Monday, February 20, 2012

Cream-filled Contraband

What satisfying my eighth-grade sweet tooth taught me about sales & marketing.

Remember how downright awful school cafeteria food was? I do. Even attending very well-to-do schools in Massachusetts didn't stop the tater-tots from tasting like ass. My children tell me the quality or taste hasn't changed much from the midday school menu–even clear across the country–so hopefully the following tale won't inspire any of the following hi jinks.I had a lot of time on my hands before getting on the school bus in the mornings. I was always the last one to be picked up and my not-so-friendly fellow school bus riders didn't let me sit anywhere good, constantly trying to discourage me from sitting next to any of them.


There was however one nice advantage, being the last one picked up, I could stop off at the convenience store across from the bus stop. I could take (at the time anyway) a couple bucks and gorge on several days worth of junk food awesomeness–potato chips, cupcake (hostess), Twinkies, candy and the holy grail of middle-school snack foods–soda!

I'd spend between $1- $4 a day on junk food (I know, far from healthy) and it was awesome! It was the one point in the day where I felt I had something over all the others–friend and foe alike–that gave me control over what was an otherwise life completely OUT of my control.
When you're popping open a Coke in the lunch hall 3-4 times a week and knocking back Snickers, cupcakes and deli-wrapped sandwiches in middle school, well, people begin to take notice. It wasn't because the the kids couldn't get those things, it was because they couldn't get them at school. After all what parent in their right mind gives their kid Milky Way bars and Cheetos for lunch?

Everyday, kids would ask for a sip, a bite, offer "I'll trade you" bribes or ask, "how can I get some"? So I did what any enterprising young American kid would do–I started taking orders.

In no time, business was booming.

With a modest mark-up I would deliver practically any treat–cans of soda (then .50¢ for $1), .10¢ lollipops went for a quarter, and Hostess cup cakes? A .60¢ three-pack would go for $1.25. These kids had money–I had product. Simple supply and demand dynamics. At the time I was clearing roughly $30 a week–not much by today's standards, but at age 14, in the 80's–that was insane money! Customers were happy, demand was high. Most orders were paid-in-full, all up front. Some kids asked for six-packs of soda–I charged $5, making $2.50 profit on each! Kids who couldn't pre-pay? No problem, an additional service charge – a credit account if you will – would be offered, paid on delivery. Soon, I needed a ledger, a bigger back pack and customer retention programs like: "Hey order between now and fourth period and all orders are 10% off!" or "Tell you what, I can see you're in a quandary between the Ring Dings and the Ho-ho's, buy both and I'll toss in a Tootsie Roll for free." Sold.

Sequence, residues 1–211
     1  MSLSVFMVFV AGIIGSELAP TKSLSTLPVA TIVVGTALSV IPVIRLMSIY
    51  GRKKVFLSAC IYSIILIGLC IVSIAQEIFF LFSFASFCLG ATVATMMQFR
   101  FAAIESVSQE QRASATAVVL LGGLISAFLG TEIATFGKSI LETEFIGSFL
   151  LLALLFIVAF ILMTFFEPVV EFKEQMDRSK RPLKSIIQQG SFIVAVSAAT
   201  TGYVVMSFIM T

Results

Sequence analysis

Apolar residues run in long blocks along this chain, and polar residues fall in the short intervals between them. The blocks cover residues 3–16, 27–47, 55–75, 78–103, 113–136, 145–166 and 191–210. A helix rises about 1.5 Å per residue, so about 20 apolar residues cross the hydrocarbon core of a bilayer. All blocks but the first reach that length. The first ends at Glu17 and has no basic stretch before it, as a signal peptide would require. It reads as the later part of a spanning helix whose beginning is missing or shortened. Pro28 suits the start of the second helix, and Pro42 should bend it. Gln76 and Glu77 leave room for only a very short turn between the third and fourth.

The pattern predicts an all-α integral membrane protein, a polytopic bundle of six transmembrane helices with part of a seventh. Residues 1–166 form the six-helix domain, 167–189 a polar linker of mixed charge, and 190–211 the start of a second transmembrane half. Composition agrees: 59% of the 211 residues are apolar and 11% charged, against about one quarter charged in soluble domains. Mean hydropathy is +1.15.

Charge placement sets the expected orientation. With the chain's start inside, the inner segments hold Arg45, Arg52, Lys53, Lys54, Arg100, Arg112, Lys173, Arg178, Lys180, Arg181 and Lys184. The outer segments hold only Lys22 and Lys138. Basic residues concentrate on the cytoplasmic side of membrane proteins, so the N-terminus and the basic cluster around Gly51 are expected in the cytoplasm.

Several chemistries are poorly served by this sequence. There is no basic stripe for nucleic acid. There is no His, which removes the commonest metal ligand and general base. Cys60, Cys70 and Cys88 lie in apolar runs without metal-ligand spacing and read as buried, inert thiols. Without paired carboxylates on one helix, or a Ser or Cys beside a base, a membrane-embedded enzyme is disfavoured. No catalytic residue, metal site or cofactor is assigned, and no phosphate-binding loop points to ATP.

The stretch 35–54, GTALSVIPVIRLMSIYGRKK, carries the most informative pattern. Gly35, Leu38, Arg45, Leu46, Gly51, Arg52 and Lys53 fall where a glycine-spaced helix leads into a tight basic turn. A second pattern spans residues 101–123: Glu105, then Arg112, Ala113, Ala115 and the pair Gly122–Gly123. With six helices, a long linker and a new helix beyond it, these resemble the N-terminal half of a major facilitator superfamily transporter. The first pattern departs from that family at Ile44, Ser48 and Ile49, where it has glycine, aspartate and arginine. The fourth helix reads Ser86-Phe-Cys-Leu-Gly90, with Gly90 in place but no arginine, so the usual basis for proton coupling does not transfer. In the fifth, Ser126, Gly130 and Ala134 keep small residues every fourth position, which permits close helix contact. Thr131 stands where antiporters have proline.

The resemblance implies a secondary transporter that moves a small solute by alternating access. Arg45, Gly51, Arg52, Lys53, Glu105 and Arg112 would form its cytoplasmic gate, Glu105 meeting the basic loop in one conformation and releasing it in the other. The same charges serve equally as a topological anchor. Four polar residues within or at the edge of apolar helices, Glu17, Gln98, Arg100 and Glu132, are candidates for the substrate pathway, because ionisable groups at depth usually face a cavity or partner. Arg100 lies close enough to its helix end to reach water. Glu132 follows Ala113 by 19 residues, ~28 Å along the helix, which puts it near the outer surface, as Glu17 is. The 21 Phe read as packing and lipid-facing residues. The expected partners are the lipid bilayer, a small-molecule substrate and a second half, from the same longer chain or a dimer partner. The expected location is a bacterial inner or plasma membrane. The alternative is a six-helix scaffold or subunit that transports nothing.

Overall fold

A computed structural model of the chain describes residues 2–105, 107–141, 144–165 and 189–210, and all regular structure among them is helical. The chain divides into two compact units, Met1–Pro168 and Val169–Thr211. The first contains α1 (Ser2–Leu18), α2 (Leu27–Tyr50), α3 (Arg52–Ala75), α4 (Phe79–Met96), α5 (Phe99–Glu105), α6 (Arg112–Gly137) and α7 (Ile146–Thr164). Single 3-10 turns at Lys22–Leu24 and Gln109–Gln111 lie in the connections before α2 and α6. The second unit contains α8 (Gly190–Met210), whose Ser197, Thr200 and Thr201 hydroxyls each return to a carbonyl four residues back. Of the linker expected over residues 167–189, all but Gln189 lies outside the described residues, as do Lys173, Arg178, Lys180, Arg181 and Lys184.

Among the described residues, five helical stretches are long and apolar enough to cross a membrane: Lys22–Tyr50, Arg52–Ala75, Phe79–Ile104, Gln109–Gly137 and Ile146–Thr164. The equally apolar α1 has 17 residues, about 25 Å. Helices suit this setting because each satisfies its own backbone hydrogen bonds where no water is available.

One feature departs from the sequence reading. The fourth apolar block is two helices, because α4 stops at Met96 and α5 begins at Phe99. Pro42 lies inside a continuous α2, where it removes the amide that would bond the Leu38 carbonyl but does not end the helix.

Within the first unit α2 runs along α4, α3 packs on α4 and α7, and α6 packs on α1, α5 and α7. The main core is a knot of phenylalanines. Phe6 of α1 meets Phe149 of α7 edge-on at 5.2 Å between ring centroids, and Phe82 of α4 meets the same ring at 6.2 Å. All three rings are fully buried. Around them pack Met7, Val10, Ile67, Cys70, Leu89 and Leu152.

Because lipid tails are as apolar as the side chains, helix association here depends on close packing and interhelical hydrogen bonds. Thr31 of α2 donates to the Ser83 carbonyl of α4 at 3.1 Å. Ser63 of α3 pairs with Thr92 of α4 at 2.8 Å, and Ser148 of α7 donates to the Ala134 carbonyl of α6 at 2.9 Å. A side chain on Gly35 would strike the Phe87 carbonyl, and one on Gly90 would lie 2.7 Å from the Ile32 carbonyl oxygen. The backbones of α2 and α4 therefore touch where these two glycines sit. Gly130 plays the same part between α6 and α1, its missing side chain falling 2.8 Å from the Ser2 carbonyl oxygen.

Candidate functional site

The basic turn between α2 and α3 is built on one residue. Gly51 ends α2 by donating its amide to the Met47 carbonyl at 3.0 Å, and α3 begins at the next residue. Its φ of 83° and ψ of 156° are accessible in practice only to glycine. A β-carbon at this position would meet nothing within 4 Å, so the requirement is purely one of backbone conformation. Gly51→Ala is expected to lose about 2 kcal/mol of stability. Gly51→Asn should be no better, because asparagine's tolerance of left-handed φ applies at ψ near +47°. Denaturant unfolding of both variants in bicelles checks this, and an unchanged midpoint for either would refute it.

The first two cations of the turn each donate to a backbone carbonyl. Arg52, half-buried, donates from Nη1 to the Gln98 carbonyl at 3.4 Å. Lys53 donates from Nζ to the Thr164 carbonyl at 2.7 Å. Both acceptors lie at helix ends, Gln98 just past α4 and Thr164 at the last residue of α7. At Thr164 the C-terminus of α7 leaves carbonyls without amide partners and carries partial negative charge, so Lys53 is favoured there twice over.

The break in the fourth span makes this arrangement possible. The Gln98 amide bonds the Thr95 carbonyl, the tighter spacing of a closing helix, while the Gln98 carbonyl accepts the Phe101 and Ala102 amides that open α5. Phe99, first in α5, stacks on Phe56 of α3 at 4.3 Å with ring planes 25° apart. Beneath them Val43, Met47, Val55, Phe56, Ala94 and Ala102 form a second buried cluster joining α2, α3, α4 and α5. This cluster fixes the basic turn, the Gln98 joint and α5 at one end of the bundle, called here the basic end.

Eventually however, all rides must end. One day, my bus was late, and I got to school just before homeroom began. Now to illustrate this properly, I had two sets of customers, the morning munchers (MMs) and the lunch-timers (LTs). The MM's were always better because they would commonly have pre-paid for their treats and would usually have orders–with money in hand–for the next day or two.

So here was the scenario; roughly 14 kids from all three middle-school grades, standing in a nice neat line at my homeroom desk, all with money in hand, like they were at a check-out counter, patiently awaiting my arrival. I stroll in, giant back-pack full tummy teasing treats, soda, sandwiches and candy, strung over my shoulder. Just as I begin shoeing people away, the homeroom teacher comes in; "What's going on?" "uh, nothing" I say wryly. At this point, Mr. Summergrad knew me well enough then to believe that. "What's in the bag? Why are people waiting at your desk with money in their hands?" Without missing a beat I say; "I'm a very generous person, Mr. Summergrad, I lend people lunch money when they need it and these good kids just wanted to get it back to me." [cut to scene of all 14 kids scattering] "Let's see what's in the bag..." he said.

Minutes later I was in Vice Principle Shay's office receiving a long-lecture about intolerable behavior, two-day suspensions, calling my Mom, blah, blah, blah. My treats-for-tykes operation was shut down. I was forever banned from doing my year-round paid Santa impersonation. Not however, before I learned some valuable intel. First, people will pay almost any reasonable price for what they want. Second, being the local go-to guy had it's perks. Lastly, my enterprising nature was not only a hit with the girls, but also impressed some of the schmucks who wouldn't let sit next to them on the school bus.

Honestly, for that kind of end result, the whole ordeal was worth every moment of Mom's lecturing–and couple of new friends is a happy ending to almost story, don't you think?

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